Maggie Stiefvater
Jun 17, 2008 rated it it was amazing
I didn't like this weird little book until about halfway through. The narrator sounded too much like a teen (I know, I know) and I didn't know what was going on . . . but then I somehow got lost in the voice. Suddenly I was seeing things through the narrator's eyes and no one else's. This slim volume is like a textbook on how to write limited first person. Absolutely excellent.

***wondering why all my reviews are five stars? Because I'm only reviewing my favorite books -- not every book I read. C
While the world wavers on the brink of war, struck by terrorist attacks and embargoes, Daisy's big concern is whether her stepmother is poisoning her food and how much she hates the unborn baby. Shipped off by her father to stay with cousins she's never met in England, she's not so far into herself that she doesn't notice something a bit odd about them.

Osbert, the eldest, seems fairly normal, being responsible for his siblings while their mother, Daisy's Aunt Penn, is away but really wanting to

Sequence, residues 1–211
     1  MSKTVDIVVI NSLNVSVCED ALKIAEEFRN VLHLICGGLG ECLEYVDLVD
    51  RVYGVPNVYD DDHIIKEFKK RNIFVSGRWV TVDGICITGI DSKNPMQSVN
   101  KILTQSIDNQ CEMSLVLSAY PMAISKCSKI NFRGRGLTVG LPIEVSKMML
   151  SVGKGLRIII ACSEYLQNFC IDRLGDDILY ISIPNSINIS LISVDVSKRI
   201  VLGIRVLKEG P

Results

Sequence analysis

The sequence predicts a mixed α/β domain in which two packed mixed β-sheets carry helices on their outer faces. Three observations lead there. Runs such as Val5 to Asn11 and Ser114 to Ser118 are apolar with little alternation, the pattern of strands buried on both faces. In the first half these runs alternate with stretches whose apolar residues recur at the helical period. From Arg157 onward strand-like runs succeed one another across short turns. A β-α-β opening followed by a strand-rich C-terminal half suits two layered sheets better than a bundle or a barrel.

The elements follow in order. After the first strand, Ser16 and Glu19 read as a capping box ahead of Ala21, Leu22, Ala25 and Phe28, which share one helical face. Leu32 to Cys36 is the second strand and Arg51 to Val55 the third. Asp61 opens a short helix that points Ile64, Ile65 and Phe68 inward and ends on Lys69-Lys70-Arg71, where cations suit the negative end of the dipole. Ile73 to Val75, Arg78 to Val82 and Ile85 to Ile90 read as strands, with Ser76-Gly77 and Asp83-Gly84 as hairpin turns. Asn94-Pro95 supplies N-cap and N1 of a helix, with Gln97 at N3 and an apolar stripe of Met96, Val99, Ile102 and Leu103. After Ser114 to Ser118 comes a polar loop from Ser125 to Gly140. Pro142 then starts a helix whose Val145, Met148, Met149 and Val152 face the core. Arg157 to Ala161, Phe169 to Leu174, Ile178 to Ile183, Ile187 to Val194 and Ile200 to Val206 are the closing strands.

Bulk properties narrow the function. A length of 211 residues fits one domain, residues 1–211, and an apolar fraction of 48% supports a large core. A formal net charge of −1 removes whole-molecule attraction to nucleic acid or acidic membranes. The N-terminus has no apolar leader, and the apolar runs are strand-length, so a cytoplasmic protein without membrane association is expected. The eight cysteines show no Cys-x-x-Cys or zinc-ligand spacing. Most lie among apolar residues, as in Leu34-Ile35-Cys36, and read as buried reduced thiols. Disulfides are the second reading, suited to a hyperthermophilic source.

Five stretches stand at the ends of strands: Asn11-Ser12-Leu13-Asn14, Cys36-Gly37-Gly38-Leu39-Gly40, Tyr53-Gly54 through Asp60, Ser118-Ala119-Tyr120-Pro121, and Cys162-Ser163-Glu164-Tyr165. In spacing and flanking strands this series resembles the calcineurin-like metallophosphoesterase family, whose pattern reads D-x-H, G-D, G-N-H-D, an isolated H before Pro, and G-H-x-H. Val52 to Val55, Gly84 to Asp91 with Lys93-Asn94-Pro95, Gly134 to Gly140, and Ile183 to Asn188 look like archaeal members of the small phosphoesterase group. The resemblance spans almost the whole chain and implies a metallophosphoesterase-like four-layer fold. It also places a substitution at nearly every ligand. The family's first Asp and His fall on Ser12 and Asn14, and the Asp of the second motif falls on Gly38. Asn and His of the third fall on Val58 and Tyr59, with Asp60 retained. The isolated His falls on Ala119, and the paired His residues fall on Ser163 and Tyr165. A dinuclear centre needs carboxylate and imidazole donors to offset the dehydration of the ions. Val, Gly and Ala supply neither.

Steph Sinclair
Oct 11, 2015 marked it as due-to-author
I encourage you all to read this beautiful piece by Kaye M.: https://medium.com/@gildedspine/this-...

For more info: http://bibliodaze.com/2015/10/the-unb...
☘Misericordia☘ ⚡ϟ⚡⛈⚡☁ ❇️❤❣
The world has gone mad... What is there to add more?
While the book was a bit overly simplistic, there was something endearing about it.
The 4 stars is for the unorthodox punctuation.

Every war has turning points and every person too. (c)
If you haven't been in a war and are wondering how long it takes to get used to losing everything you think you need or love, I can tell you the answer is no time at all. (c)